In recent months, immigration has been a contentious issue amongst Singaporeans and has begun to be an area of concern for the Singapore government. The authorities have been balancing the inflow of foreign workers at all levels as well as enhancing the number of opportunities available to Singaporean workers. The “Singaporeans first” strategy, which includes addressing Singapore’s rapid pace of migration through a variety of measures, also aims to avoid comprising its growth coefficient of economy, as for time, the republic has been lauded as the easiest place to do business in the world.
This year alone, the reduction in dependency ratio ceilings (DRCs) and most recently, the tightening of the Singapore Dependent Pass (DP) framework have set Singaporeans as well as residents alike debating about what it means to work and live in the densely populated city-state.
Changes in DP framework
The Ministry of Manpower (MOM), in a bid to moderate the growth of Singapore’s non-resident population and help ease pressure on country’s social infrastructure, made the following changes for DP privileges, which will take effect on September 1, 2012:
- S Pass and Singapore employment pass (EP) holders need to earn a fixed monthly salary of at least S$4,000 to sponsor the stay of their spouses and children in Singapore.
- P1 Pass holders will no longer be able to bring in their parents-in-law, but they may still bring in their parents, spouses and children.
- P2 Pass holders will no longer be able to bring in their parents or parents-in-law, but they may still bring in their spouses and children.
However, DP holders who are in Singapore prior to the cut-off date, are eligible to stay if the corresponding work pass holders have valid passes with their existing employers. Notably, existing EP and S Pass holders who change employers after the deadline will then have their dependants be subjected to the new DP framework. This is because any change in employer by a work pass holder is considered a new application.
Changes in Singapore work pass framework
The changes come close on the heels of the enhanced EP framework announced by MOM earlier this year. From January 1, 2012, the qualifying salary for the Q1 Pass was increased from S$2,800 to at least S$3,000 for young graduates. Meanwhile, older applicants would have to command a higher salary which must be commensurate with their work experience and value-add to qualify for the Q1 Pass.
On the other hand, the qualifying salary for P1 Pass remained unchanged at S$8,000, while the salary threshold for the P2 Pass was raised from S$4,000 to S$4,500. Concurrently, MOM has also raised the bar for educational qualifications requirements. Mid-level skilled foreigners (e.g. technicians) who wish to work in Singapore via a S Pass must be able to earn a minimum fixed monthly salary of S$2,000.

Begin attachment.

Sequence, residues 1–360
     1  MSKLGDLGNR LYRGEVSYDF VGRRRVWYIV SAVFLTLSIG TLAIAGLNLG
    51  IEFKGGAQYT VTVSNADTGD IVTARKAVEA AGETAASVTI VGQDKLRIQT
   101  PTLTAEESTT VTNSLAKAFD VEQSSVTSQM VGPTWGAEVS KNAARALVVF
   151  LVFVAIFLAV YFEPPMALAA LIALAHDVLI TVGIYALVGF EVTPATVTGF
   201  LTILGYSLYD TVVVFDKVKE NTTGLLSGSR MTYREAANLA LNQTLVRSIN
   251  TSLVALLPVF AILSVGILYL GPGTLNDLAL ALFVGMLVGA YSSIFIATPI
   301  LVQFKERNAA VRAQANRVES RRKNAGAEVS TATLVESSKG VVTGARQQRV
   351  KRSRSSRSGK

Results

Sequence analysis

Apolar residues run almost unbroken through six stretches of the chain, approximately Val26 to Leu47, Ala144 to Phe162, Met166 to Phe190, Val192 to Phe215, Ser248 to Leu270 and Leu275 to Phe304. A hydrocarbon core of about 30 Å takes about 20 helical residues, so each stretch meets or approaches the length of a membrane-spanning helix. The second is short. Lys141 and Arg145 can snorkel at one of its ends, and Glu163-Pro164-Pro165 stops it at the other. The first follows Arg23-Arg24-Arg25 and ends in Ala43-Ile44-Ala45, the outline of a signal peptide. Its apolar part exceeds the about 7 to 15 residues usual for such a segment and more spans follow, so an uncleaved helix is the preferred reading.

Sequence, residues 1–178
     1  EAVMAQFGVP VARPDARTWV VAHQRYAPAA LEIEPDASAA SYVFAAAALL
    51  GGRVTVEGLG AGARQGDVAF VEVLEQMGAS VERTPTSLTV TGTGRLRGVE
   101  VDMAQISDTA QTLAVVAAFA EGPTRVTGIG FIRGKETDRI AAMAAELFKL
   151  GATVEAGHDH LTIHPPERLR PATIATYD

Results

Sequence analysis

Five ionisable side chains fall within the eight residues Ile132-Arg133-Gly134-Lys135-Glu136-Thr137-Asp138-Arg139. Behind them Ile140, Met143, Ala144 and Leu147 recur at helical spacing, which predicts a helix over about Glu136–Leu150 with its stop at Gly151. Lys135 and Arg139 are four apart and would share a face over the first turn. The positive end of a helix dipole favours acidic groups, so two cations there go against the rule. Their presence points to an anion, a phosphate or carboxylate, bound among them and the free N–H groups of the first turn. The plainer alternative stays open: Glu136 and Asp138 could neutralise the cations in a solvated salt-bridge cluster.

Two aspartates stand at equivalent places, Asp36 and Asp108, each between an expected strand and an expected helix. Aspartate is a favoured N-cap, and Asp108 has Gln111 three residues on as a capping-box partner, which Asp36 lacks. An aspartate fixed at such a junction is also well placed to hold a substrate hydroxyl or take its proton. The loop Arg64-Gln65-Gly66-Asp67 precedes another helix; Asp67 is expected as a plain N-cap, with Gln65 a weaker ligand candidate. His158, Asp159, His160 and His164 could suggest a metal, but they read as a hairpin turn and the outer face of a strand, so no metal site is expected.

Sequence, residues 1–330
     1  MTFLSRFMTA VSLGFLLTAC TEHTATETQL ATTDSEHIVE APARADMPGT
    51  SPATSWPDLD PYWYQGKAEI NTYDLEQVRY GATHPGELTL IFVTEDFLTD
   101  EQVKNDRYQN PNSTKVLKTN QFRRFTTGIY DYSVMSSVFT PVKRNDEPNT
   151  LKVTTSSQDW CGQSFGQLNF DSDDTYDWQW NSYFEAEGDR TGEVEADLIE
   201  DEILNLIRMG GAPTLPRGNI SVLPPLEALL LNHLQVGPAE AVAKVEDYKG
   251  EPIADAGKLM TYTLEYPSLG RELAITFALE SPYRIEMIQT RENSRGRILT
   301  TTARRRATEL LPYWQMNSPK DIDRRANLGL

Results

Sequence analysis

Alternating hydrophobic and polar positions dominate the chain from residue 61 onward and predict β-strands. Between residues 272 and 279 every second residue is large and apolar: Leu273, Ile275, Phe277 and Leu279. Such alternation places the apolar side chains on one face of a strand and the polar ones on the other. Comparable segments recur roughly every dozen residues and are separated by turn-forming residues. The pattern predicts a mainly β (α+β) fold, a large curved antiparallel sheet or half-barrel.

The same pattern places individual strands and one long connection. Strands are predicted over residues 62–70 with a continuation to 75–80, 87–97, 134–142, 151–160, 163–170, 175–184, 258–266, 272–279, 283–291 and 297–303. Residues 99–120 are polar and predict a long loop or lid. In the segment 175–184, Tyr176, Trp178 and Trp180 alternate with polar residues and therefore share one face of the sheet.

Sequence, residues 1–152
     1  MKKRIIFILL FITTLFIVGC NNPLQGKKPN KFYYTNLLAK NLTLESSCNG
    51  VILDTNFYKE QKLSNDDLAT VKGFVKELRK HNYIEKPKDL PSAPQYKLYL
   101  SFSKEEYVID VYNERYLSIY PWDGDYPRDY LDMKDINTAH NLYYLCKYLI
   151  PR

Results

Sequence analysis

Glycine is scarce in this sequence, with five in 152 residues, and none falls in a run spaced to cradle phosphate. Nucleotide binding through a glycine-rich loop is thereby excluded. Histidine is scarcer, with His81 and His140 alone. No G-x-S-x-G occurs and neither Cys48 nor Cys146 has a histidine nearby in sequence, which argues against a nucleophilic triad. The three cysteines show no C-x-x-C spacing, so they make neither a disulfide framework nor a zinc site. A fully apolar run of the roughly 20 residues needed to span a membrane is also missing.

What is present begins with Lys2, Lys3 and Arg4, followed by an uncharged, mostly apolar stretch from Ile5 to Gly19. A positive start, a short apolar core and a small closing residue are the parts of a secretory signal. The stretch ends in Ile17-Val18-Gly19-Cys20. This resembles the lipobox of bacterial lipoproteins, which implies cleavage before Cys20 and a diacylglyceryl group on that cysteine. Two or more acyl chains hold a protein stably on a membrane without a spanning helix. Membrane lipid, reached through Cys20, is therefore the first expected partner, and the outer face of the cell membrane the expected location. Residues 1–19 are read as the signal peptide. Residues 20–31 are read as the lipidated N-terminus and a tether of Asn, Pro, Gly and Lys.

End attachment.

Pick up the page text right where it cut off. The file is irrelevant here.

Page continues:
As noted by PM Lee last year:
“Singaporeans remain the core of our workforce so that we don’t become like the Gulf states where 80% of the working population is foreign (…) At the top end of the workforce, we have to allow high quality professionals and entrepreneurs because they grow our businesses here and help Singapore compete internationally.”
“If you look at what we are doing, at the bottom, we are tightening; at the top we have to be free. In between,(the middle, the lower middle level) we have to make some adjustments (…) But we also have to be mindful of the impact on companies, especially local SMEs, because they need the foreign workers the most, and if we squeeze out the foreign workers too drastically, we are going to kill our SMEs. Hence, we are helping the SMEs to adjust with grants, tax deductions and all sorts of schemes for upgrading productivity.”
Singaporeans remain the core of our workforce (…) At the top end of the workforce, we have to allow high quality professionals and entrepreneurs because they grow our businesses here and help Singapore compete internationally. If you look at what we are doing, at the bottom, we are tightening (…).
In between, (the middle, the lower middle level) we have to make some adjustments (…) But we also have to be mindful of the impact on companies, especially local SMEs (…). Hence, we are helping the SMEs to adjust with grants, tax deductions and all sorts of schemes for upgrading productivity.”
– PM Lee, 2011
Changes in DRCs
Further to this, the MOM has reduced the DRCs (maximum number of foreign workers that companies can hire) in the manufacturing and services sector, as well as in the S-pass sub-DRC in all sectors. The changes in effect from July 1, 2012 are:
- Reduction of S pass sub-DRC for all sectors from 25% to 20%
- Reduction of services DRC from 50% to 45%
- Reduction of manufacturing DRC from 65% to 60%
This measure is in accordance with Finance Minister Tharman Shanmugaratnam’s Budget 2012 speech, where he noted the need to “introduce further measures to moderate the increasing dependence on foreign manpower which has grown by 7.5% per annum over the last two years.”
This is especially pertinent for the construction sector, which employs more than a third of all work pass holders. MOM has further reduced the man-year-entitlements (MYE) by an additional 5% for new projects awarded w.e.f July 1, 2012. Also, a higher foreign worker levy of S$650 will be introduced for basic-skilled work permit holders in the MYE-waiver category from January next year. This will be raised to S$750 in July, 2013.
“Imparting citizenship privileges without comprising on growth prospects against the backdrop of an uncertain economic climate is a tough task. However, the Singapore government has thus far approached these issues pragmatically. As laid down by PM Lee last year, we have to moderate and manage foreign workers, but also stay open to bring in enough so that we have the manpower to grow and prosper,” concluded Mr. Satish Bakhda, Head of Rikvin’s Operations.